'Giving Government Workers the Shaft': Paul Krugman Explains the Twisted Logic Behind Trump Stiffing Federal Employees
Despite big promises, wage growth under President Donald Trump's administration has been deeply disappointing. And on Thursday, Trump took a major step to reinforce that trend for the workers he has the most direct control over: employees of the federal government.
People working for the government will not receive their usual cost-of-living raise of 2.1 percent, the White House announced. To support this move, Trump preposterously cited the government's budget deficits, a consideration that didn't seem to affect the party's decision to enact a massively expensive corporate tax cut at the end of last year.
Nor did the budget deficit discourage Trump from suggesting, on the same day as he announced the federal pay freeze, he might unilaterally enact a massive tax cut for wealthy investors through an obscure tweak in the tax code.
Paul Krugman noted in a New York Times op-ed Friday that animosity toward federal workers has long been a part of Republican Party ideology, so in one sense the move is not a surprise — they have always advocated "Giving government workers the shaft."
"After all, the jihad against government workers probably reached its high point in 2010-2011, along with the Tea Party movement. Denunciations of big government were all the rage, bolstered in part by false claims that Barack Obama had presided over an explosion in federal employment," Krugman explained.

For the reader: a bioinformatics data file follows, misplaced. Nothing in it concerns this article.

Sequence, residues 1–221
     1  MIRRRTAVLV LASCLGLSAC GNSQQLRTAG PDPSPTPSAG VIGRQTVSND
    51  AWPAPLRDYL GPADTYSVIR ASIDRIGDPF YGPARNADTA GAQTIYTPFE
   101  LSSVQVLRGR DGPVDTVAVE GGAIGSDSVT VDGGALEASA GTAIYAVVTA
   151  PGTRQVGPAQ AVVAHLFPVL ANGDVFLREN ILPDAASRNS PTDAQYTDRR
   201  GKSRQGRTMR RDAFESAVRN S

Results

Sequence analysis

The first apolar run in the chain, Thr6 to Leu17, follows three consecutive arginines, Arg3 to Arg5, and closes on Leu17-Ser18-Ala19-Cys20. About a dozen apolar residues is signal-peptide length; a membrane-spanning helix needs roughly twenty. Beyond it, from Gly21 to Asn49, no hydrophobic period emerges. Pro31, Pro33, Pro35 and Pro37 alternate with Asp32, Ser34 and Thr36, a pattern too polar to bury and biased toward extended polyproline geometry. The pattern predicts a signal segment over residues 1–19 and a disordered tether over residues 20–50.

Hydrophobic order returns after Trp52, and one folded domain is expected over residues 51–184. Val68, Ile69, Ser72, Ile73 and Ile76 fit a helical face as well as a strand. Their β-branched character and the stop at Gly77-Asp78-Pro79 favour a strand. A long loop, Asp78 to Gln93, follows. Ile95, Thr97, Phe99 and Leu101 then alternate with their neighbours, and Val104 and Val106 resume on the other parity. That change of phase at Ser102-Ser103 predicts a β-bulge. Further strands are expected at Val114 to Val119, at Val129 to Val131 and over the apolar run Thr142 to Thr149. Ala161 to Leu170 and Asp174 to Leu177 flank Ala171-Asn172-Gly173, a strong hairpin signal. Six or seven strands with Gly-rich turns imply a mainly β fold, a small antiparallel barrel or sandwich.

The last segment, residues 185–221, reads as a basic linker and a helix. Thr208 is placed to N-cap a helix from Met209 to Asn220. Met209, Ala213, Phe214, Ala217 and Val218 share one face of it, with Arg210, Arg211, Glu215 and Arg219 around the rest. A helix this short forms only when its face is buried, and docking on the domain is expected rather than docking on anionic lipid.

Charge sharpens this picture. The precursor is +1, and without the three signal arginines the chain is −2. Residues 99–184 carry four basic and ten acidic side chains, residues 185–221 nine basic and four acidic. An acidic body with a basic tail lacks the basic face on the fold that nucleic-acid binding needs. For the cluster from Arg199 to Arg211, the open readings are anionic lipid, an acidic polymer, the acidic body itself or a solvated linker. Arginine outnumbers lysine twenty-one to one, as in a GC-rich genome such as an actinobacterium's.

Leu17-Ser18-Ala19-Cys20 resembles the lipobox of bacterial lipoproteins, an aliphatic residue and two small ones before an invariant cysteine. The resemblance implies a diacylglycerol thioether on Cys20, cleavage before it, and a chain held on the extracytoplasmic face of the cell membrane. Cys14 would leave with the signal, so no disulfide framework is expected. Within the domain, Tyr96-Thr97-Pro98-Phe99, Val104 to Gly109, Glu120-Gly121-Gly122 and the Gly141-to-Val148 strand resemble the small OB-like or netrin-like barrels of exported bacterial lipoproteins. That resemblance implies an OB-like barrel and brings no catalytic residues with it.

At the same time, it appears to be a politically risky step to take.
"True, these are federal workers, so we’re not talking about schoolteachers," he wrote. "But we are talking about people who keep us safe, or care for those who previously helped keep us safe: about two-thirds of the amount the federal government spends on employee compensation goes to the Department of Defense, the Department of Veterans Affairs, or the Department of Homeland Security."
Announcing that these workers won't get a raise — just months before a midterm election — hardly seems wise.
But, Krugman argued, in addition to buying into most of Republican Party orthodoxy, Trump has also adopted a unique sense of aggrievement toward federal workers.
"Trump is feeling under siege from the 'deep state,' which to him means any part of the government that answers to rule of law as opposed to being personally loyal to him," he wrote. "His wage chiseling may in part represent a way of lashing out at everyone in government: these days they all look like Robert Mueller to him."
Krugman also notes that the president has always "chiseled and cheated" his own contractors and workers — why should he behave any differently in the White House?